Weirdos clicks

Daniel MacIvor and Bruce McDonald’s gentle coming-of-age tale about rural NS teens comes to town.

Dylan Authors and Julia Sarah Stone hit the Nova Scotia road.
Dylan Authors and Julia Sarah Stone hit the Nova Scotia road.

Opens Friday, March 17

It's 1976, and Kit (Dylan Authors) is restless. It's summer in Antigonish and he wants an adventure. He devises a plan with his girlfriend Alice (Julia Sarah Stone) to hitchhike to Sydney where his bohemian mother (Molly Parker) lives. She's travelled the world, hung out at The Factory in New York—Andy Warhol (Rhys Bevan-John) appears several time as Kit's inner voice, of sorts—and represents a life he wants for reasons obvious for a rural Nova Scotian teen, and for reasons that unfold as Kit and Alice grab rides along the coast. He plans to stay. ("Goodbye sex" is mentioned several times.) Weirdos, a gentle coming-of-age story written by Daniel MacIvor and directed by Bruce McDonald, follows their journey.

Weirdos was the first film made under the newly structured provincial tax credit system, shot in beautiful black and white by Becky Parsons all around Nova Scotia in the autumn of 2014. It premiered at the Toronto International Film Festival last September and is still on the festival circuit, visiting Berlinale last month. This week it picked up two Canadian Screen Awards for MacIvor and Parker.

Though the story is seemingly structured around Kit and his quest—we spend time with his family (Allan Hawco and Cathy Jones) and he's the only person who can see or talk to Warhol—Alice quietly emerges as the film's centre, taking observational photos and trying to hold off a mounting realization about her relationship.

"Kit is very much the protagonist, except it's kind of told from Alice's point of view, which i think is an interesting thing to do on film because you don't have the first person or third person you can portray when you're writing a novel," says Stone from her home in Vancouver. She adds that Alice's photography was a key to figuring out how to portray her: "I use a lot of imagery in my character work. I put together a scrapbook for her. I used that kind of stuff as little markers throughout the script, so I could go to a scene and figure out 'OK, this is her chapter of a journey and she's at this point.'"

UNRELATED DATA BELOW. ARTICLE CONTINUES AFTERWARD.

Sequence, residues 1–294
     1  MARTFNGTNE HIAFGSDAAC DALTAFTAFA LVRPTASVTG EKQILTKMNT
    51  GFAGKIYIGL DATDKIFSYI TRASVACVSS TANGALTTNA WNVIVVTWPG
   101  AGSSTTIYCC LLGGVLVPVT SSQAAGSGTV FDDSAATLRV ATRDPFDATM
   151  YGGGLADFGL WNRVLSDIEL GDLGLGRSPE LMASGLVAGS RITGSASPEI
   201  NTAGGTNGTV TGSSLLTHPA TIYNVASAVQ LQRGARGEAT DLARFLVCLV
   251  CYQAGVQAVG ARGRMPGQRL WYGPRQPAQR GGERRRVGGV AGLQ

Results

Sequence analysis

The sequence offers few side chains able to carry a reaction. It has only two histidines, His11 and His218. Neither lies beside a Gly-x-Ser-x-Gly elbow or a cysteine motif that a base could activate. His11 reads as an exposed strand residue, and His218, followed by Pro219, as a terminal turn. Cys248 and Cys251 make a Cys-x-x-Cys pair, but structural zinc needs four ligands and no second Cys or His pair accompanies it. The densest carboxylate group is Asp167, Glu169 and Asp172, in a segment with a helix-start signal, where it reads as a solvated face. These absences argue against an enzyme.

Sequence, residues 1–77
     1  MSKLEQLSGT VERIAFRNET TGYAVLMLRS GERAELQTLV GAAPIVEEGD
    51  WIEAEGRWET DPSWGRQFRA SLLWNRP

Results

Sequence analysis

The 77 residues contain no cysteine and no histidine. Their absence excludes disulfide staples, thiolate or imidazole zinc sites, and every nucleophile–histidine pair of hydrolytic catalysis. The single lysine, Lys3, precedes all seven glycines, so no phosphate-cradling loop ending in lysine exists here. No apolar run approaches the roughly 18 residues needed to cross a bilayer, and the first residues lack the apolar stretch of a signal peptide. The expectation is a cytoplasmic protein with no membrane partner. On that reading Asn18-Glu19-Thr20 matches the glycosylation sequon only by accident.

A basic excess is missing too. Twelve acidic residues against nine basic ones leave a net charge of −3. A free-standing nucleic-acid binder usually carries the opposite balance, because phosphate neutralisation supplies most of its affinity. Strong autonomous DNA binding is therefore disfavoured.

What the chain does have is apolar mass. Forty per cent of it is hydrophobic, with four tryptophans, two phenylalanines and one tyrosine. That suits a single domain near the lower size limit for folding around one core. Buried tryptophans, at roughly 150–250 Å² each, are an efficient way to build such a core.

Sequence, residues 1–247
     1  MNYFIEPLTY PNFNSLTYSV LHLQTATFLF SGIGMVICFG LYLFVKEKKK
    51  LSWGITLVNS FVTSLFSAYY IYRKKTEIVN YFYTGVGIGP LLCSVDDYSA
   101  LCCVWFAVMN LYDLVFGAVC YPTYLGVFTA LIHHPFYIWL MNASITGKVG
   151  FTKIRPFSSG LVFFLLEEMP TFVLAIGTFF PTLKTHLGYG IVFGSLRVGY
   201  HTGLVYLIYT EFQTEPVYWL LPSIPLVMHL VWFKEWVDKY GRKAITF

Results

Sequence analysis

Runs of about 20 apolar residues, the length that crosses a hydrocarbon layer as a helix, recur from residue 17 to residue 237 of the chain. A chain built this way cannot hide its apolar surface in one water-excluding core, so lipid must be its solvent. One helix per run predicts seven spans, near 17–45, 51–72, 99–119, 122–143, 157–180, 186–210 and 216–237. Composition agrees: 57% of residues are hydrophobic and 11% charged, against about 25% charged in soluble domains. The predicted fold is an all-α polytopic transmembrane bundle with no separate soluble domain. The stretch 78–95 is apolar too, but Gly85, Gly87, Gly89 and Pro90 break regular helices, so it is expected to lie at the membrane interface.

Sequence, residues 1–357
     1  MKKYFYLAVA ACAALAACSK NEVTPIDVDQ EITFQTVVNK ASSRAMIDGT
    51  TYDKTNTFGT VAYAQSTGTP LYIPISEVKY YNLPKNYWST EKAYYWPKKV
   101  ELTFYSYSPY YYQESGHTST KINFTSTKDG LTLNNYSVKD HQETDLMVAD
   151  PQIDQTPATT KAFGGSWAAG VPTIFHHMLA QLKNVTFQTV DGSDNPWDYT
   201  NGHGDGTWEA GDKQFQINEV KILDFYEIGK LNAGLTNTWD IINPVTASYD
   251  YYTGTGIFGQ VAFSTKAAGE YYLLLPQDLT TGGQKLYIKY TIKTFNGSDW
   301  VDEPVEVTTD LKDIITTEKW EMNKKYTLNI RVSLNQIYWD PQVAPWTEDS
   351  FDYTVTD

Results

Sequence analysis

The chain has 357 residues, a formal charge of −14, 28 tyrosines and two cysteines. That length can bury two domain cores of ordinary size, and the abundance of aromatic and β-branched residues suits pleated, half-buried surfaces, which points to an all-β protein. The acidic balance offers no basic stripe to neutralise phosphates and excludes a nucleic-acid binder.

Though just 19, Stone is an industry vet, appearing on the third season of The Killing and the SyFy series Aftermath and starring in the indie films The Year Dolly Parton Was My Mom and Wet Bum. She wasn't intimidated by McDonald, who made Hard Core Logo a year before she was born.

"Bruce is so laid back and relaxed all the time, which is an amazing quality as a director. He made the whole set environment so nice and such a great place to foster to creative energy for everybody on the crew," she says. "He's so full of wisdom and friendliness. He's probably one of the least intimidating people I've ever met."

Weirdos is set 40 years ago in a small town, but despite the lack of smartphones the fundamentals of teenhood remain: Getting high, finding beer, hitting beach parties, fighting raging hormones, dreaming of being somewhere else.

"It's a coming of age story and I think a lot of people can relate to it at various points in their lives. I think we come of age more than once," says Stone. "With Alice and Kit's storylines, there are a lot of areas that people can relate to—they're two kids trying to find their place in the world.

"It's quite a universal story no matter where you grew up or even when you grew up. It's really a story about a shared humanity."